“Anpanman!  Anpanman!” We’re in the toy store. My daughter, who clearly wants an “anpanman” is pulling at my hand and rushing towards a row of brightly colored plastic…things.  The trouble is, I’m only vaguely aware of Anpanman in general and not at all with this specific instance of him.

Everything I know about Anpanman: He’s a superhero. His head is a sweet roll stuffed with red bean paste. Japanese children love him. My half-Japanese child loves him.

Where did he come from? Why is he so popular? And, most importantly, how the hell did my kid find out about him? We don’t have any Anpanman toys or puzzles or games. We don’t watch him on TV. So…?

 

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The answer, of course, is pre-school. My daughter attends a pre-school play group three or four days a week. Just as in play groups everywhere, the children sing songs, play games, tumble around on miniaturized, plasticized gym equipment, and generally get tired out enough to give their parents some beloved nap time. They also learn about odd little characters with whom their parents lack any familiarity, apparently.

There are two factors at play here: One, I’m an older parent. I was almost 40 when my daughter was born. Two, I live in Japan, where I lack all the standard childhood referents.

When my daughter is with me, we do things in English. We watch Elmo (after my time, but I get it), Bert and Ernie (they’re animated now?), and we read lots and lots of books (Dr. Seuss seems pretty timeless, thankfully).

The trouble is, my daughter does not spend her time with only me. There’s her mom, of course, and her grandparents. And her teachers. And her classmates. And the really kind old neighbor lady who persists in giving her snacks and sweets.

All these people, as loving and kind as they are, are not from where I’m from. When my daughter looks at me, she sees the odd man out. I find myself playing catch-up, not only to my own culture (seriously, who are all these new characters on “Sesame Street”?), but also to one I only half-comprehend as an outsider.

To be very clear, this is not a language issue. This is a cultural issue. There are dozens and dozens of toys in the toy aisle at the supermarket that occupy a cherished, nostalgic, warm-fuzzy spot in the hearts of Japanese people that I have very little contact with. Until now, I’ve had minimal interest in these things beyond the basic “Oh, that’s nice.”

I mean, imagine your Japanese friend sitting in on a conversation between you and your besties about “Sigmund and the Sea Monsters”? Language is not the issue. Trust me. No, these things are easy to blow past as an adult. After all, if you and your friend are talking about “Scooby-Doo” and someone can’t participate fully, the polite thing is to move on to something else.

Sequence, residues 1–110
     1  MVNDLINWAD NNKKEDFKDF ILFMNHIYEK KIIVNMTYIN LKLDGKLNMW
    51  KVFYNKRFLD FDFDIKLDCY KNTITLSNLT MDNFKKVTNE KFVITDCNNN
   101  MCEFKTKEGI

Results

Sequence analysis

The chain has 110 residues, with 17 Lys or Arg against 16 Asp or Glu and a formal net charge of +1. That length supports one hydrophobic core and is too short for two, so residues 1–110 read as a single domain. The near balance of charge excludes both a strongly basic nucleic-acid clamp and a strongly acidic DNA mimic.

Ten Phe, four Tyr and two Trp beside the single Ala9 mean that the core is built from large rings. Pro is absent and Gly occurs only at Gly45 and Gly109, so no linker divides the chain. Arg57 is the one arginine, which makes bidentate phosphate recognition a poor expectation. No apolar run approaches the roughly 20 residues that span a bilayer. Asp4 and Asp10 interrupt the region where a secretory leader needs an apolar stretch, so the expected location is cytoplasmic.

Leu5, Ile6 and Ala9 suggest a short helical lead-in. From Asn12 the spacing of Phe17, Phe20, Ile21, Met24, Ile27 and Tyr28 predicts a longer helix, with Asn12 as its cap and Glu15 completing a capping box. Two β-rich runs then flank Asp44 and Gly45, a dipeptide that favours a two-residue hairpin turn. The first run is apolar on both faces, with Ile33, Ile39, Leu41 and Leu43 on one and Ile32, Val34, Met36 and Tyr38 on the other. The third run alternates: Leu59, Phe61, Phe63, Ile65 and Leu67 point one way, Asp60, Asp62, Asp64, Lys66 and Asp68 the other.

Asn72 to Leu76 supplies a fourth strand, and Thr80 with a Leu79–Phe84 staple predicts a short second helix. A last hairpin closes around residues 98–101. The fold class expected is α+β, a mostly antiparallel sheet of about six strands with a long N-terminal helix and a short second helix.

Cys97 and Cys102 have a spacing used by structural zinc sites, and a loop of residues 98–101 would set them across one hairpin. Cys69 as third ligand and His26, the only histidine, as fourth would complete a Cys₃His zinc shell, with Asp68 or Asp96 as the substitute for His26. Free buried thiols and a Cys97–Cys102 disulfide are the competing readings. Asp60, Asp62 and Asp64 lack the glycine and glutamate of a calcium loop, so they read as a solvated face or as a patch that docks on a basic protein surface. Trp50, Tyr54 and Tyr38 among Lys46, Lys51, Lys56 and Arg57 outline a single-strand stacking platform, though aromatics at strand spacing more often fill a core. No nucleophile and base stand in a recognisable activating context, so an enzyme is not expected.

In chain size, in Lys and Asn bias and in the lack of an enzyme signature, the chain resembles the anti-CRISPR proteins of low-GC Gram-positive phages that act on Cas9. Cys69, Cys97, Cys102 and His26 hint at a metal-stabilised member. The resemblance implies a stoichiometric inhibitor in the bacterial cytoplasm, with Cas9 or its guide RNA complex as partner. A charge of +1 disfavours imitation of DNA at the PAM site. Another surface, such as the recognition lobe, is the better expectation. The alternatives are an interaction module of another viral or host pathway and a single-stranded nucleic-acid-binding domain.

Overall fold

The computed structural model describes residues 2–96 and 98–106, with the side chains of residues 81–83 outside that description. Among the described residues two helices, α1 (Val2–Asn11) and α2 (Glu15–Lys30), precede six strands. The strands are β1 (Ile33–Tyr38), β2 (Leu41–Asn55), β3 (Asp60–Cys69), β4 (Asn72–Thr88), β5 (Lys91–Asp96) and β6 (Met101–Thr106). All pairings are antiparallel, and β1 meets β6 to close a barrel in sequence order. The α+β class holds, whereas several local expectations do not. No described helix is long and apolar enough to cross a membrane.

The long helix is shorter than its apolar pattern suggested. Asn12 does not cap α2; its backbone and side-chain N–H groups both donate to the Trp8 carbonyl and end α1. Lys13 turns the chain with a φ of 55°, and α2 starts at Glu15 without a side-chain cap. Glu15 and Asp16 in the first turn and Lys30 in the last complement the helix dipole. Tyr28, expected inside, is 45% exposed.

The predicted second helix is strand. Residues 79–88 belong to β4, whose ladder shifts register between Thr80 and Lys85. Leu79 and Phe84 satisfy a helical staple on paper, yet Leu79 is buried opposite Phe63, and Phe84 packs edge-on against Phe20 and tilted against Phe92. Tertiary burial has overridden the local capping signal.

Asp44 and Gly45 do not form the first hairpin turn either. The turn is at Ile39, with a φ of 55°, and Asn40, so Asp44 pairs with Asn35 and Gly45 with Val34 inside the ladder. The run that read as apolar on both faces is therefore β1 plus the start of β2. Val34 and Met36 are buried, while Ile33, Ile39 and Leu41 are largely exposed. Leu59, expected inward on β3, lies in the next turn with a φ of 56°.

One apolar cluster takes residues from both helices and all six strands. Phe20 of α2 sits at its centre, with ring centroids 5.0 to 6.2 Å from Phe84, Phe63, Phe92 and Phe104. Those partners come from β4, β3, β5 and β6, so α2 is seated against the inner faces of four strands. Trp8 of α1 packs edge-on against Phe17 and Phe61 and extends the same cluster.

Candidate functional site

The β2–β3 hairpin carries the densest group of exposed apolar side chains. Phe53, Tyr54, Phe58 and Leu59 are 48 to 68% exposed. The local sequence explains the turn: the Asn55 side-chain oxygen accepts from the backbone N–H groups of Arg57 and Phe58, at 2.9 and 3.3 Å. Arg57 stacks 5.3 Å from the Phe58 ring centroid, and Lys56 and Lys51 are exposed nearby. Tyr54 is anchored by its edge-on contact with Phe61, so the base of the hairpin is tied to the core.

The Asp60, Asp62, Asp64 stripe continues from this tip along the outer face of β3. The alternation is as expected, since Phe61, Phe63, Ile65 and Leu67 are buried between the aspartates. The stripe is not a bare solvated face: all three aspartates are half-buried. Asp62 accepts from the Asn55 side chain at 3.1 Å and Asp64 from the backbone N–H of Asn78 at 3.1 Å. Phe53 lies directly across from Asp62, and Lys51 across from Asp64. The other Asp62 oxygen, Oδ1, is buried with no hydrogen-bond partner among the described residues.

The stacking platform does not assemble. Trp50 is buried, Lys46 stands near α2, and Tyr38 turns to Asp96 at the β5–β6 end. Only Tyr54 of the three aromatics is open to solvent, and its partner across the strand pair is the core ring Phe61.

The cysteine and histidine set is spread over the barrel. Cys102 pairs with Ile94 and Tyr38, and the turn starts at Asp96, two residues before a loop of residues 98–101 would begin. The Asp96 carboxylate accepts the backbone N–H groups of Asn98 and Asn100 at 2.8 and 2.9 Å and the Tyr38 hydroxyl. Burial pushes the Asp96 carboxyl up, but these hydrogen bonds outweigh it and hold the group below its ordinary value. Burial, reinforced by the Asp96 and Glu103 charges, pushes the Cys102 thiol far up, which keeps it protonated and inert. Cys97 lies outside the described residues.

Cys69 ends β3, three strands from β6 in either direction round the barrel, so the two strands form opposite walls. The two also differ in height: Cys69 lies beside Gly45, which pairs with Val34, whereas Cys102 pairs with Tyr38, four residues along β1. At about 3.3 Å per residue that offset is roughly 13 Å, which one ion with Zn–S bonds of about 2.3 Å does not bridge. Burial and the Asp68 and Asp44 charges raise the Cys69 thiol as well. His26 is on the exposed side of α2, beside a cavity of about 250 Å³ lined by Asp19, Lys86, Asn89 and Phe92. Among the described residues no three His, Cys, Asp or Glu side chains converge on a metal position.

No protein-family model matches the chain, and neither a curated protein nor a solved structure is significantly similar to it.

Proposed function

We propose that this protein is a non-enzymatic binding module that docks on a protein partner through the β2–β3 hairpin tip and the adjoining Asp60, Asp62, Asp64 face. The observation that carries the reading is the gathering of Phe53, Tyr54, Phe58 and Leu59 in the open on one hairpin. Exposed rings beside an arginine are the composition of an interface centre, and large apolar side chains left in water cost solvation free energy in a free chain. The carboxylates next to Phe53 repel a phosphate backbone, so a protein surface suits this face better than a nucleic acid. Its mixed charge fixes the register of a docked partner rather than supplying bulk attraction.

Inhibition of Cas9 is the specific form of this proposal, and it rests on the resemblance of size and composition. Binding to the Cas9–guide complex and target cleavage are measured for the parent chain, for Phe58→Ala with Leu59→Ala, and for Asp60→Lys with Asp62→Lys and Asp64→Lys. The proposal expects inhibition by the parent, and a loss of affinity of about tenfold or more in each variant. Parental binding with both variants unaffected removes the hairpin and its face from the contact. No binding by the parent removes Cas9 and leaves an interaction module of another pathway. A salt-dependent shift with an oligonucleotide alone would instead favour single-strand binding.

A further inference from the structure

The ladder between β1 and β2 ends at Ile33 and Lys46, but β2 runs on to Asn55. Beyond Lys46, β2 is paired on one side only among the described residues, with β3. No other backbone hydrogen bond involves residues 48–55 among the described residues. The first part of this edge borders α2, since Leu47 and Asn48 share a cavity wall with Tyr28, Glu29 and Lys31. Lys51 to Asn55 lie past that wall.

Then again, how often do you and your friends sit around talking about 50-year-old cartoons when there are world events, mortgages, spouses, and football to talk about?

Culture is a fluid thing at the best of times. On the one hand, it is ephemeral – a trending fad one moment and completely passe the next. But it’s also very sticky. Elements and pieces of the greater pop cultures in which we’re all raised stay with us far beyond their ostensible shelf life. We remember songs, cartoons, games, and weird little pieces of plastic shaped like our favorite characters.

Seriously, have you seen Anpanman?

This is, in the grand scheme of things, the least of my problems. I have a job, a mortgage, etc. etc. etc. But this is what I worry about. I am afraid that my child, my only child, will grow up alien to me, fluent in a culture that I can only participate in at the surface levels.

I’m afraid that she will prefer this other thing to me and my culture. I am afraid that she will prefer these strange creations to the strange creations of PBS and Children’s Television Workshop, that she will prefer this life – this culture in which she is being raised – to me.

It seems somehow inevitable. After all, this is her home. This is where she will go to school, make friends, grow up, discover who she is, and where she will, eventually, build her own life. And yet, I am desperately hoping that she will find some comfort, maybe even some joy, in being different – that being of both here and elsewhere will cause her to expand her interests and her sense of self to something dramatic and beautiful.

But, in the meantime, she really wants that Anpanman puzzle.

So, what to do about it?  Obviously, the first step is to get up to speed on all things Anpanman. Thank you, Wikipedia and mobile data connections.

The second step is to relax. I knew going into this whole fatherhood thing that there would be an incredible number of things I’d be ignorant about. I knew there would be things I could not help her with, things related to being Japanese that I will never quite get, despite speaking the language. And, I know that cartoon characters are, honestly, the least of my worries. Culture is important, but there is far more for us to bond over than TV and brightly colored bits of plastic.

She is going to be who she is going to be, and forcing her to choose between this culture and that culture, between my interests and her own, is a certain path to failure.

So, I shove my worries back into the deep, dark recesses of my soul and buy the damn puzzle. Then I put my newly acquired knowledge to work so that I can do the puzzle with my kid. I help her put the pieces together, saying the names as we do so.

“This is Shokupanman. This is Baikinman. This is…we’ll have to ask Mommy who this is.”